La Salle News

La Salle University Faculty-Student Research Projects Bring Together a Wide Array of Topics, Collaborations

August 4, 2013

Nutrition. Chemistry. Rainbows.

These are three of several topics being explored by La Salle University faculty and students as part of an annual program sponsored by the Dean’s Office of the University’s School of Arts and Sciences.

Nine faculty members and 14 students are involved with the program.

“There are great benefits to both faculty and students who combine for research projects. Professors get to expand their knowledge base and have more to offer in their classrooms, and students gain a deeper theoretical and practical understanding of their subject, whether biology, sociology, literature, etc.,” said Thomas Keagy, Dean of the School of Arts and Sciences.

Jon Matos, a digital arts and multimedia design and English double major, teamed up with associate professor of English John Beatty on a video project that had its origin after a dramatic change in his life.

“I lost 25 pounds with diet and exercise, and I’m a writer, so I like telling stories, and video is just another way of doing that,” Matos said. He and Beatty are collaborating on a project titled “Creating Effective Video for Teaching about Health and Nutrition.”

Beatty said, “I found myself in a similar situation to that of my students—how to transition from a writer with some design skills to a full-fledged multimedia journalist, the current norm in the profession.”

“I wanted to learn more about video, what makes for effective video, and how video techniques and post-production can influence the final outcome, the issues that we are addressing in our summer project,” Beatty said.

Matos and Beatty’s video also grew out of a course Beatty taught that included reporting and writing on “Exploring Nutrition,” a project started by Marjorie Allen, Chair of the University’s Department of Integrative Studies, to help improve eating habits in the community surrounding La Salle.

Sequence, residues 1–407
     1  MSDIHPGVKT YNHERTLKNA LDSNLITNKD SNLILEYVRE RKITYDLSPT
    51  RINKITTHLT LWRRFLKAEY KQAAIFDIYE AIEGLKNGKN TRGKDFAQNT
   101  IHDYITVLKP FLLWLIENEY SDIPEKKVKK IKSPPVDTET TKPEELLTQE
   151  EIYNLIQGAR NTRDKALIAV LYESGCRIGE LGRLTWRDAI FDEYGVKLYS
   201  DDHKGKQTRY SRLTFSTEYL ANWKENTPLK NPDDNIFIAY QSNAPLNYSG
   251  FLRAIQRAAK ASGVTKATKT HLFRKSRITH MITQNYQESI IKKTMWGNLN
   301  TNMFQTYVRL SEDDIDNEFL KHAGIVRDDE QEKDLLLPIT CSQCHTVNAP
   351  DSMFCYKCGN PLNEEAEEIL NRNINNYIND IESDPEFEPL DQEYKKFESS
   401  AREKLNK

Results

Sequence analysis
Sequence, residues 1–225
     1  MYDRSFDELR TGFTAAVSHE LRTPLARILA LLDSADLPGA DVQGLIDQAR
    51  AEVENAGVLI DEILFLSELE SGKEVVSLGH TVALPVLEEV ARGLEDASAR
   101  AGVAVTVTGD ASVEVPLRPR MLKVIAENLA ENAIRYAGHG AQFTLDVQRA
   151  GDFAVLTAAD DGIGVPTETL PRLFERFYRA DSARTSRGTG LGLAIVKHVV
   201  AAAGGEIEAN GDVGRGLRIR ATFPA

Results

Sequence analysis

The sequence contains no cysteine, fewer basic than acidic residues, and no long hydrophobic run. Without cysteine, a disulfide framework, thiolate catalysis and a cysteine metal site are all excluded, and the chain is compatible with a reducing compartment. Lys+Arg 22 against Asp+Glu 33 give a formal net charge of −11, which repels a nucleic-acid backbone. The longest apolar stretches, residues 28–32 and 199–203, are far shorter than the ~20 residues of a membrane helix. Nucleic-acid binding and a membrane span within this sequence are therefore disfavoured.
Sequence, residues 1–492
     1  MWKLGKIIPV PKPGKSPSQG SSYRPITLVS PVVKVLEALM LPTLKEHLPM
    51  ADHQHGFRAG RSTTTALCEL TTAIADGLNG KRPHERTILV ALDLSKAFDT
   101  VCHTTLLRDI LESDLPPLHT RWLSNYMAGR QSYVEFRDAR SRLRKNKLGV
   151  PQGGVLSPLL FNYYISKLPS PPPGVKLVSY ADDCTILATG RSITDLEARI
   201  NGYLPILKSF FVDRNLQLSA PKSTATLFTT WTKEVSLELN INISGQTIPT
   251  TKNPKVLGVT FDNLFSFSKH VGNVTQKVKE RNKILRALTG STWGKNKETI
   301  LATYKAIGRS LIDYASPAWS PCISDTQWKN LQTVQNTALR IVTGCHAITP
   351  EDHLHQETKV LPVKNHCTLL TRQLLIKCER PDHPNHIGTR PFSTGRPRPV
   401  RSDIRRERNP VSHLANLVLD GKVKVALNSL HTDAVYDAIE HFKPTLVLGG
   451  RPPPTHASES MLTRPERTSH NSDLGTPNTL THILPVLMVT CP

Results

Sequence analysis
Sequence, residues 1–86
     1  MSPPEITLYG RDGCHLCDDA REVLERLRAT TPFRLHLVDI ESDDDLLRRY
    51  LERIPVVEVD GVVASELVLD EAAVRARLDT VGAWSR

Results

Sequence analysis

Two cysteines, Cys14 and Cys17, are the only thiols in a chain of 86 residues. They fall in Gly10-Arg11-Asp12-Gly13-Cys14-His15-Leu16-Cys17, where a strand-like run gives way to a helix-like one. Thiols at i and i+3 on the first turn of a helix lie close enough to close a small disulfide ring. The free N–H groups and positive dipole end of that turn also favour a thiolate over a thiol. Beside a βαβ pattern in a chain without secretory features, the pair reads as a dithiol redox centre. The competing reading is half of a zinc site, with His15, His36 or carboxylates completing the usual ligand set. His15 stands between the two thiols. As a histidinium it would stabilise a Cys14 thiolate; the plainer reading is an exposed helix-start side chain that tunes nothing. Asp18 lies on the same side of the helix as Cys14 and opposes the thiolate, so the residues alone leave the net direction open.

Biology professor Gerald Ballough likens an undergraduate not doing research to “the sad plight of a music student unable to obtain an instrument. The same is true of a science student whose coursework in biology, chemistry, physics, statistics, and other subjects is never interwoven, tested, and challenged in real-life applications.”

Ballough is working with biology majors Andrea Moffa and Gavin McLaughlin this summer. (Three other students, psychology majors Hao Phan, Taylor Dunn and Denny Ballough, are also working with Ballough as part of the University’s Palopoli Professorship, which provides research opportunities for undergraduates.)

Chemistry majors Emily Fenton and Kristen Kelly are working with Michael Prushan, associate professor of chemistry, on “Small Molecule Structural and Functional Mimics of the Active Site of Nickel Superoxide Dismutase

“I hope to learn techniques that will sharpen my etiquette in the laboratory,” Fenton said.” I am excited to learn the research process and, of course, anxious to learn about the topic. As a student-athlete (women’s soccer), it’s natural to accept a challenge, which is why I originally chose the major. I think I have learned a great deal by being a chemistry/biochemistry major, not necessarily just science-based knowledge, but also how to manage and excel as both a student and an athlete.”

Janet Fierson, assistant professor of mathematics, and Katherine Boligitz, a junior double major in mathematics and economics, are examining rainbows, but not the type that appear in the sky; they are studying those found in graphs. Their topic is “Variations and Applications of an Extension of the Rainbow Connection Number of a Graph.”